Materials and Methods Top


This questionnaire study was conducted among 45 patients (males 25 and female 20) (Group I) diagnosed clinically as well as radiologically of RA involving both genders. Equal number of healthy participants was taken as control (Group II). The study was commenced after obtaining ethical clearance from the ethical committee with the consent of the patients obtained in vernacular language.

Demographic data of each patients were recorded in case history proforma. Laboratory investigations such as complete blood count, C-reactive protein level, and erythrocyte sedimentation rate were performed. A thorough clinical examination was performed. Disease activity score 28 (DAS28) test was also applied to all patients which was recorded as disease in remission mode (DAS28 <3.2), moderate (DAS28 ≤5.1 ≥3.2), and active (DAS28 >5.1). Daily routine activities such as dressing, walking, working out, cleaning, and doing homework were determine with the help of the health assessment questionnaire (HAQ) (20 questions). A score of 0 was designated in patients with no problem, one to few problems, two to many problems, and three to inability to do activity. Patients were also subjected to GOHAI questionnaire (12 questions) with five options: never = 5, rarely = 4, sometimes = 3, often = 2, and always = 1. The score ranged from 60 to 12. Add-GOHAI scores were classified into two groups: Dt GOHAI = 0 (Add GOHAI ≤50) having poor quality of life and Dt-GOHAI = 1 (Add-GOHAI ≥50) having moderate to a high quality of life. Results were tabulated and statistically analyzed with a significance level set below 0.05.


   Results Top


[Table 1] shows that the mean HAQ score in Group I was 1.14 and in Group II was 0.36. The mean GOHAI score in Group I was 36.4 and in Group II was 52.8 (P < 0.05).
Table 1: Assessment of health assessment questionnaire and general oral health assessment index score in both groups

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[Graph 1] shows that the mean HAQ in males was 0.94 and in females was 34.6. The mean GOHAI in males was 12.6 and in females was 38.2 (P > 0.05).



[Table 2] shows that in Group I, there were 15 patients with HAQ level 1 and 30 with HAQ level 2 and in Group II was 40 with HAQ level 1 and 5 with HAQ level 2. In Group I, 42 had Dt GOHAI = 0 and 3 had Dt GOHAI = 1 and in Group II, 10 had Dt GOHAI = 0 and 35 had Dt GOHAI = 1. The difference was statistically significant (P < 0.05).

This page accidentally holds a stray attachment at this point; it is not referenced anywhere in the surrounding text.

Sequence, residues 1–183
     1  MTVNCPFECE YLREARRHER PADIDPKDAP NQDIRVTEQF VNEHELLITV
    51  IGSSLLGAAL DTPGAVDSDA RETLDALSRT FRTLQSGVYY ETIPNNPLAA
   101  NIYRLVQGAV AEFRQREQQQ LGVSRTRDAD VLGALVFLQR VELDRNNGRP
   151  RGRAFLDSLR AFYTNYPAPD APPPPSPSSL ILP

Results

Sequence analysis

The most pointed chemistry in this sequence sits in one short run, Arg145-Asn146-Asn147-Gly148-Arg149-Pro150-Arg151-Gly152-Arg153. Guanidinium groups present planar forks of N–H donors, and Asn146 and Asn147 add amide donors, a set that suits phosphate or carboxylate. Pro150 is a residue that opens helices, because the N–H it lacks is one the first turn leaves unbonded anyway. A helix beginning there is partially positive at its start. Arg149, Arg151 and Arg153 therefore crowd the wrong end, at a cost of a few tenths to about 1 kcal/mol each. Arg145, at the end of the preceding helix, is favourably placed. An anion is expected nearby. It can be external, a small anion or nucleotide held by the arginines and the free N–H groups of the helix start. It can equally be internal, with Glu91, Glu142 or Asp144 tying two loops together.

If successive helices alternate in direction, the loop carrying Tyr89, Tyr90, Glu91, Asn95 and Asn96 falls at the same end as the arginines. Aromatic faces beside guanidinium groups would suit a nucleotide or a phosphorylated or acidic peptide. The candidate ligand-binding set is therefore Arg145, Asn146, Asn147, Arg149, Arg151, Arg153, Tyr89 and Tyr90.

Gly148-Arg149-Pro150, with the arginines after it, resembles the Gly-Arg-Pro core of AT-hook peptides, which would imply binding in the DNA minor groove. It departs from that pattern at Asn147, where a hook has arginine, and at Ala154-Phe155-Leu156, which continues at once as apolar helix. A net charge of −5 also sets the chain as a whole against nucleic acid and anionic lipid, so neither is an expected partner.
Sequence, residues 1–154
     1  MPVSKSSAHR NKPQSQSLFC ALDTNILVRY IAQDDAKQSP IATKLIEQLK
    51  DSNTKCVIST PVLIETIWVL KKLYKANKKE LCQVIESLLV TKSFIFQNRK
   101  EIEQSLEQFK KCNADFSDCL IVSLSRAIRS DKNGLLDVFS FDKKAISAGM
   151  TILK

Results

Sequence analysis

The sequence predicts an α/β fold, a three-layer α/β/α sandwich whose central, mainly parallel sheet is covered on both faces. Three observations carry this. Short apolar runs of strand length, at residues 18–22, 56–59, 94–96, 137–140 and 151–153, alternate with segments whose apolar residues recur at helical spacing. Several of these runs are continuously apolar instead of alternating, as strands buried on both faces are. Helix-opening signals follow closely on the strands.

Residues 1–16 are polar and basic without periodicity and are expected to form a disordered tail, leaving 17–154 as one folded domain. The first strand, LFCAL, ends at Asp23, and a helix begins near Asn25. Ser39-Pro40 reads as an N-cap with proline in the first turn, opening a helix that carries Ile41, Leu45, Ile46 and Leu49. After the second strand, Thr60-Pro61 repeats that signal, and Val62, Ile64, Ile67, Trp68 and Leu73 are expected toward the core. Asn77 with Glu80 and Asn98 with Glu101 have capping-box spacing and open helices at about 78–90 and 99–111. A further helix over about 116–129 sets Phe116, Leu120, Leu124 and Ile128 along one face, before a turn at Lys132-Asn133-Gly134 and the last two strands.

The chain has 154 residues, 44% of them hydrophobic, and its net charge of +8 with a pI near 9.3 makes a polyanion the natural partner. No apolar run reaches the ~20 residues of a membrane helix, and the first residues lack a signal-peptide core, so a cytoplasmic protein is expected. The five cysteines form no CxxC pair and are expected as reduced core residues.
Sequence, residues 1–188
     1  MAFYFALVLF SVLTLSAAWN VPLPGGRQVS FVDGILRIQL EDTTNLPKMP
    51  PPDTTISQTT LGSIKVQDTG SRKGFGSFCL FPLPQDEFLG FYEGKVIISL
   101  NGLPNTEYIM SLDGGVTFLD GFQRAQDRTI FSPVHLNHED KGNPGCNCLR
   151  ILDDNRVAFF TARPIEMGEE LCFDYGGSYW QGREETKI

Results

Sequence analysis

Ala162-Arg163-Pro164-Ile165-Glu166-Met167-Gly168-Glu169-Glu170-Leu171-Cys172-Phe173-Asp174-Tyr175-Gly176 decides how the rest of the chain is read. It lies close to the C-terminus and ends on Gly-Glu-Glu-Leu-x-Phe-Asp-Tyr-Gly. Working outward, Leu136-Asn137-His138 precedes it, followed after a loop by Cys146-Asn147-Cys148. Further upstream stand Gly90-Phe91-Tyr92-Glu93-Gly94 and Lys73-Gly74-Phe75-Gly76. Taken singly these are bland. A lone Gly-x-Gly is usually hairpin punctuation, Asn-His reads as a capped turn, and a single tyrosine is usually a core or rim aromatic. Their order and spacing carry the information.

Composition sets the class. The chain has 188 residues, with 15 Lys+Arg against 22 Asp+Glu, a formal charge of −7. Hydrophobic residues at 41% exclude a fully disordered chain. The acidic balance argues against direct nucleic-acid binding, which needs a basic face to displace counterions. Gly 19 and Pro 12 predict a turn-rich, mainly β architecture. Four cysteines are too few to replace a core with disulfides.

Table 2: Levels of quality of life indicators in both groups

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[Graph 2] shows that there was a significant difference in the mean value of HAQ and GOHAI in terms of disease activity (P < 0.05). Deterioration of disease increases HAQ and decreases the GOHAI score.



[Table 3] shows that there was a correlation between age and involved joints with HAQ and inverse relationship between age and involved joints with GOHAI.
Table 3: Correlation between the indicators of quality of life and age and the number of involved joints

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   Discussion Top


RA is a leading inflammatory disease with limitation of routine daily activities such as walking, difficulty in standing, and swelling of joints. RA progresses to synovitis due to the accumulation of pro-inflammatory cells in the synovial membrane, degradation of cartilage, and musculoskeletal tissue. Several studies have mentioned the occurrence of antibodies against Porphyromonas gingivalis in RA patients and in patients with chronic periodontitis citrullinated proteins and their antibodies and association between anti-P. gingivalis and periodontal parameters, and the titers of rheumatoid factor and antibodies anticyclic citrullinated peptide, which were also related to the severity of PD.[6],[7]

Dental and oral diseases significantly affect the quality of life. It has a great impact on mental as well as on the physical health of person. RA leads to difficulty in eating, speaking, swallowing, and tasting due to the involvement of the temporomandibular joint (TMJ). There are muscular pain, popping, and crepitus sound during mouth opening or closing. TMJ is tender on palpation and patients avoid opening the mouth. Failure to do routine oral activities accelerates plaque accumulation over teeth, which subsequently leads to periodontitis. Patients with RA experience a lack of self-confidence and have compromised quality of life and short the life expectancy.[8] The present study was conducted to determine OHRQOL in RA patients.

In the present study, we enrolled 45 patients of RA in Group I and 45 healthy participants in Group II. We found that the mean HAQ score in Group I was 1.14 and in Group II was 0.36. The mean GOHAI score in Group I was 36.4 and in Group II was 52.8. Nosratzehi et al.[9] conducted a study on eighty patients of RA and eighty healthy control. The mean of HAQ score was 1.17 ± 0.89 in RA patients and 0.35 ± 0.12 in control. The mean of GOHAI score in patients was 37.46 ± 9.53 and in control was 53.21 ± 11.35. It was found that the HAQ score (≥1) was seen in 62.5% and the GOHAI score (≤50) was seen in 91.2%.